209. Memorandum for the Record1

SUBJECT

  • Discussion with Mr. Clark Clifford at luncheon—14 July 1964

A large part of the discussion centered around recent political developments, the evolving situation in San Francisco,2 Clifford’s views on the dangerous aspects of the Republican platform, the preoccupation of the President with political matters including the selection of a Vice President and a variety of related subjects.

With respect to NRO, Clifford had read my communications to Bundy and McNamara.3 He was not willing to concede President’s Board’s report should be modified. However he did state that his role was advisory to the President and that neither he nor the Board felt they were in any way involved in the implementation of the recommendations of the report. He further stated that after some discussion of NRO problems, there appeared to be some problems within the Pentagon between the Office of the Secretary of Defense and the Air Force and these issues were not considered by the Board as they were not within the province of the Board’ s competence. I explained to Clifford the course of action agreed to with Bundy last night, as outlined in my memorandum of this morning.4

I briefly reviewed the Dillingham matter5 and the issue that had arisen with Senator Symington so that Clifford would be informed [Page 464]because of his intimate personal relationship with the Senator. Clifford expressed appreciation of knowing the background of this issue with Symington as he was convinced Symington would bring the matter to his attention at some future time.

There followed a long discussion of the organization of the Office of Director of Central Intelligence. Clifford said that he had proposed in 1961 that the DCI, as principal intelligence officer to the President, be separated from his intimate relationship with CIA and thus he could render more effective assistance to the President and also could more effectively give guidance to the community as a whole. He said that at one point at a special Board meeting, he had made such a proposal to Allen Dulles, then DCI, but Dulles absolutely refused to consider any such plan. I said there might be considerable merit in such a plan but it presented a difficulty because the DCI was so heavily dependent upon CIA for staff support. In effect, CIA was the DCI’s only staff and organization and I pointed out that the original legislation provided that CIA be the coordinating agency within the intelligence community and that this role had been transferred to DCI with the passage of time.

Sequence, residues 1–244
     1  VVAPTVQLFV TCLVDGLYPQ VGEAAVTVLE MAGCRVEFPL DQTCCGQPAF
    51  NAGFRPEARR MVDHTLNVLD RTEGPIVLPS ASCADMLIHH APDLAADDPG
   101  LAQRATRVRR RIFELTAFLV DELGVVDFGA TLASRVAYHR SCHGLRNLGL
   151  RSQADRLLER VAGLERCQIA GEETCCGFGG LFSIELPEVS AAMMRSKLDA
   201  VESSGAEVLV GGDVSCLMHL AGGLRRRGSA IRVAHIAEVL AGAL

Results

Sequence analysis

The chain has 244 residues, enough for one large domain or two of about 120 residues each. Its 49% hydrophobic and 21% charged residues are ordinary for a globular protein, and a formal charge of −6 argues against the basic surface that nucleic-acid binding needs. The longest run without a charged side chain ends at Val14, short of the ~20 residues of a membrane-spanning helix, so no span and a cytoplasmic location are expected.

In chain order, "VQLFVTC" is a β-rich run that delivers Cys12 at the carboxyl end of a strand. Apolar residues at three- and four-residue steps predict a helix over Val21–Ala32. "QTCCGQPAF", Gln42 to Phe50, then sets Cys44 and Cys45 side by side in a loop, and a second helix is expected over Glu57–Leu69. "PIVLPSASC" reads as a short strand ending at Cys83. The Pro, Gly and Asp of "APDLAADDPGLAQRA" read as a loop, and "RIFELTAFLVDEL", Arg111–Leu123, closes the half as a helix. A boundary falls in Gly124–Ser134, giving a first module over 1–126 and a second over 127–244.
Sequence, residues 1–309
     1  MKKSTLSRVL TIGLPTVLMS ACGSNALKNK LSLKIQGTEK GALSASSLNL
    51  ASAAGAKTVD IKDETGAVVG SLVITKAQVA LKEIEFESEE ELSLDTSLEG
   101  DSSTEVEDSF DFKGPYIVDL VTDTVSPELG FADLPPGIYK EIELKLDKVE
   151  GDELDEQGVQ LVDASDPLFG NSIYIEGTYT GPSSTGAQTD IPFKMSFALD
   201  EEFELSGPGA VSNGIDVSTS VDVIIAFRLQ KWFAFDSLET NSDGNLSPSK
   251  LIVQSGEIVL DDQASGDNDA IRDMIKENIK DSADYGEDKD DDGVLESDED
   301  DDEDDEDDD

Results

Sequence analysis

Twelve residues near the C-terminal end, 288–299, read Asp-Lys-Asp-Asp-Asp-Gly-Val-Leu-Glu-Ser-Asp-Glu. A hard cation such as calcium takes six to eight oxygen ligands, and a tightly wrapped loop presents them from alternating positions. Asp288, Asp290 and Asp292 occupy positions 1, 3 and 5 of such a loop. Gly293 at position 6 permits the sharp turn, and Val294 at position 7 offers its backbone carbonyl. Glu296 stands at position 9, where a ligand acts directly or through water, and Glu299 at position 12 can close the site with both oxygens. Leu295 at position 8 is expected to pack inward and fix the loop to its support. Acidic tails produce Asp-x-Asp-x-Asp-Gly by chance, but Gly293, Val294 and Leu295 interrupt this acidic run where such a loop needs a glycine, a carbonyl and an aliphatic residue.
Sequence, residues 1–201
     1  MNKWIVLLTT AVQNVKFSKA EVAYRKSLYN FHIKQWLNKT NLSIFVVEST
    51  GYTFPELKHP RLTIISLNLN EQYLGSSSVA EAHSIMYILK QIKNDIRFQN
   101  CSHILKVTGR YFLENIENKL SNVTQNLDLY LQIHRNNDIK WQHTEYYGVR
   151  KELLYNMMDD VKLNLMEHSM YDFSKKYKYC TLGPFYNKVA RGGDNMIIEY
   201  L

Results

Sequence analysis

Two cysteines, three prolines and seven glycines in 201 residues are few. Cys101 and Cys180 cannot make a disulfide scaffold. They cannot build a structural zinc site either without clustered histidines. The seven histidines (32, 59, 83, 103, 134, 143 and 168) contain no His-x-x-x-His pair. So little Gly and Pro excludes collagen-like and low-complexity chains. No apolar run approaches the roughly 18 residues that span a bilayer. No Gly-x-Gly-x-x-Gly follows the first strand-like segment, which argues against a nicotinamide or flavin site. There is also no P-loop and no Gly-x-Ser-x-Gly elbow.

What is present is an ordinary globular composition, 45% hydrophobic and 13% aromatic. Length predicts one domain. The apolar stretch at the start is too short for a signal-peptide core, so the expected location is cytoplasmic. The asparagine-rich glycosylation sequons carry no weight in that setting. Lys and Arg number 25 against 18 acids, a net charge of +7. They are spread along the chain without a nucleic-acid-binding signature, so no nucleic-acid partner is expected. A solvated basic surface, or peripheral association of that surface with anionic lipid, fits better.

I then made the point that perhaps the DCI should be the executive agent of all national intelligence resources, i.e. NSA, NPIC, NRO and AFTAC with an organizational arrangement that operational management of these agencies would rest with CIA and Defense. Furthermore I pointed out that CIA was the only unit which could be considered as completely objective with no “axe to grind” or no parochial interests outside of intelligence. I said this was particularly true of the DDI side of the house and it might be that parochialism might, in time, enter into the thinking of DD/S&T and DD/P.

Clifford asked if I would give some thought to a practical operational plan along the above lines as he felt the existing arrangement was not a good one and did not represent a precise and therefore satisfactory plan of organization.

  1. Source: Central Intelligence Agency, DCI (McCone) Files, Job 80–B01285A, DCI McCone Memo for the Record. Secret; Eyes Only. Prepared by McCone.
  2. Presumably a reference to the Republican National Convention, held in San Francisco in July.
  3. See footnotes 3 and 4, Document 208.
  4. Not found.
  5. Not further identified.